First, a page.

A Validity Study of the Safety Attitudes Survey

Connie C Schmitz's picture
Submitted by Connie C Schmitz on Feb 16, 2018 - 4:44pm CST

Davenport, D.L., Henderson, W.G., Mosca, C.L., Khuri, S.F., Mentzer, R.M. Jr. & Participants in the Working Conditions of Surgery Residents and Quality of Care Study.

This large, national study examines the validity of the Safety Attitudes Questionnaire (SAQ) in predicting risk-adjusted morbidity and mortality outcomes for hospital patients on general/vascular services.  The SAQ (Sexton JB, et al., 2006) is a well-known, psychometrically sound survey that has been used internationally for many years.  It contains 30 items grouped into six scales measuring (1) teamwork climate, (2) safety climate, (3) working conditions, (4) job satisfaction, (5) recognition of stress effects, and (6) perceptions of management.  Psychometric analysis of the SAQ demonstrated excellent reliability and factor structure for these scales, but research on their relationship to patient outcomes has been mixed.  In this study reported here, Davenport and colleagues tested the SAQ along with a separate scale measuring provider burnout, and a separate set of items assessing the quality of communication and collaboration among different provider groups.  This study included over 5,000 providers (surgeons, ICU physicians, nurses, residents, anesthesiologists, and others) at 52 teaching hospitals.  It found that the only measure that predicted patient morbidity was the separate (non-SAQ) item measuring the quality of communication and collaboration with attending physicians.  None of the SAQ scales, the burnout scale, or the communication / collaboration items correlated with patient deaths.  The most recent version of the SAQ (2018) has incorporated additional items regarding the quality of collaboration among key providers and communication breakdowns.  This tool could be helpful for measuring intermediary outcomes of IPECP interventions.

Link to Resources
Descriptive Elements
Who is Being Assessed or Evaluated?: 
Instrument Type: 
Self-report (e.g., survey, questionnaire, self-rating)
Source of Data: 
Health care providers, staff
Organizational records
Notes for Data Sources: 
  • Individuals
    • Attending surgeon, physician – 688 (11% of sample)
    • Resident surgeon / physician – 1,193 (20%)
    • Nurse (staff RN, NP, nurse anesthetists) – 3,432 (56%)
    • Other (as determined by chief of surgery) – 770 (13%)


  • National Surgical Quality Improvement Program (NSQIP) data drawn for over 57,000 patients seen at 52 VA Medical Centers and academic medical centers in the U.S.A.  Data reflecting morbidity and mortality outcomes were extracted for all patients enrolled during October 1, 2003 – September 30, 2004.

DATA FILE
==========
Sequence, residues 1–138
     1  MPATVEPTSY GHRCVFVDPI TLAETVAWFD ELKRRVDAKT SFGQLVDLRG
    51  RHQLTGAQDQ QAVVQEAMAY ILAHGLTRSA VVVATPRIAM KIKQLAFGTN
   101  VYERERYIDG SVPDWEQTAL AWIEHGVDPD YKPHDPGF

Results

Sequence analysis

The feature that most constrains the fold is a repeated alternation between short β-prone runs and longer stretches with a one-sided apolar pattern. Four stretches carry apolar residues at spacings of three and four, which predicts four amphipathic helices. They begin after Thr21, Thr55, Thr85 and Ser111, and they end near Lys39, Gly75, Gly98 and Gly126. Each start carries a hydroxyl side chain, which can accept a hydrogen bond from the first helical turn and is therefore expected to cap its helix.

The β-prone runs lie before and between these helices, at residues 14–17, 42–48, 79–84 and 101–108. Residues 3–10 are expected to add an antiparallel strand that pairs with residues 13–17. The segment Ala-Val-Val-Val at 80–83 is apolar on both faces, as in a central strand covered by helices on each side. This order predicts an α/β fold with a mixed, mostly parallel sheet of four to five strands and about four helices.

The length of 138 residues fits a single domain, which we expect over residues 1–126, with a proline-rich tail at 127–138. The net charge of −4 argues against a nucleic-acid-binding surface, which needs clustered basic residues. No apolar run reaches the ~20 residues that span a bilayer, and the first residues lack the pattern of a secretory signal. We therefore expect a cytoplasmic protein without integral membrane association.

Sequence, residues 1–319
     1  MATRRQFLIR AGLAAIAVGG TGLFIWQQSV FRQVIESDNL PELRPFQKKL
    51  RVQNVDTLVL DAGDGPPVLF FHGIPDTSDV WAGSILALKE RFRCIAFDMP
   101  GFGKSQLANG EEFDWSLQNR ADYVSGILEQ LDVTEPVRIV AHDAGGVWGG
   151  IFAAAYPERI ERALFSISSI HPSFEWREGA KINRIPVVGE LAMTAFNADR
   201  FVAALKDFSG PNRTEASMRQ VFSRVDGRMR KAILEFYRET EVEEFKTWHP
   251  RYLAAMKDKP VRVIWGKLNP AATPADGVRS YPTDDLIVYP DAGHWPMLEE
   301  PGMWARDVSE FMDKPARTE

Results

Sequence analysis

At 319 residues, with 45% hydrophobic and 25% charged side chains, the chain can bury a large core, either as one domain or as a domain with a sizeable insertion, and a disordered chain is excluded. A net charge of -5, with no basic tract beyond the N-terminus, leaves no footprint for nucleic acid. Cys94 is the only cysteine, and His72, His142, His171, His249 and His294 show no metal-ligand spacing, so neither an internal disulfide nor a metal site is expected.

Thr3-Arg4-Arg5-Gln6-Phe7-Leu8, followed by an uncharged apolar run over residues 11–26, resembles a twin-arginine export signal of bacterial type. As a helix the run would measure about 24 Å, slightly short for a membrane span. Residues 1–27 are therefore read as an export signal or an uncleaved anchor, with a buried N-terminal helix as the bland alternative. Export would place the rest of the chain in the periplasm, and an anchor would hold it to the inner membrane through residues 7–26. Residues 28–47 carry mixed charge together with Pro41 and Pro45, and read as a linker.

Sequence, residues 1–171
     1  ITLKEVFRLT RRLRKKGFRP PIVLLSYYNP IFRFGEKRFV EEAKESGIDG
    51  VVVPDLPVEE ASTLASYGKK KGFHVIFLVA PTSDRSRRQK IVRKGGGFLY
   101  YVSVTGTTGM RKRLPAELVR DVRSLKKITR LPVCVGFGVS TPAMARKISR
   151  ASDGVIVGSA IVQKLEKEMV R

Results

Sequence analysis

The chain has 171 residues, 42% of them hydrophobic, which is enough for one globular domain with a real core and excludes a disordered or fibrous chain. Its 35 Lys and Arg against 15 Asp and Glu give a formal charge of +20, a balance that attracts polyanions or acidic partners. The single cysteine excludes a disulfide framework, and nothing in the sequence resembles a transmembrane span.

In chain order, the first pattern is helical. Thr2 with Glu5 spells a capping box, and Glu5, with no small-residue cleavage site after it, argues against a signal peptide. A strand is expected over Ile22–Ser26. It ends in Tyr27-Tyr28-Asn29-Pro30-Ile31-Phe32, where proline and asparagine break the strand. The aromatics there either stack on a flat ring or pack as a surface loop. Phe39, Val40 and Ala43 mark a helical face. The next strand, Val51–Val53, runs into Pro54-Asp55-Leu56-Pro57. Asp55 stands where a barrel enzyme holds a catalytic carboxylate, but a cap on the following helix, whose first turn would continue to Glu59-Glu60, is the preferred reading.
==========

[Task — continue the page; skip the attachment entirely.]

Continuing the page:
Instrument Content: 
Reported perceptions, experiences of working relationships, teamwork
Organizational environment, culture
Notes for Content: 

Perceptions of working relationships and organizational culture

  • SAQ
    • Safety climate – perceptions of a strong and proactive organizational commitment to patient safety (e.g., “I would feel safe being treated here as a patient”)
    • Teamwork climate – perceived quality of collaboration between personnel (e.g., “Nurse input is well received”)
    • Working conditions – perceived quality of the work environment and logistical support (e.g., “This hospital does a good job of training new personnel”)
    • Recognition of stress effects – acknowledgement of how performance is influenced by stressors (e.g., “I am less effective at work when fatigued”)
    • Perceptions of management – approval of managerial action (e.g., “Hospital administration supports my daily efforts”
  • Burnout – 4 items from Maslach’s Burnout Inventory, 1996 (e.g., “I feel fatigued when I get up in the morning and have to face another day on the job”)
  • Quality of Communication / Collaboration with Colleagues – 4 items assessing the quality of communication / collaboration in working with providers from 4 different clinical roles, i.e.: Attending MDs, Resident MDs, Nurses, and Others
Instrument Length: 

38 items total (30 = SAQ, 4 = Burn-out, and 4 = communication and collaboration with colleagues

Item Format: 
SAQ and Burnout Scales: 5-point Likert-type scales ranging from strongly disagree (1) to strongly agree (5) Quality of Communication / Collaboration: 5-point qualitative scale ranging from very low (1) to very high (5)
Survey: paper or online, administered between July 1, 2003 and September 30, 2004. Data collection was coordinated by an external contractor, stripped of identifying data, and returned to the PI for analysis. NSQIP data: extracted from medical records according NSQIP protocols by trained nurse extractors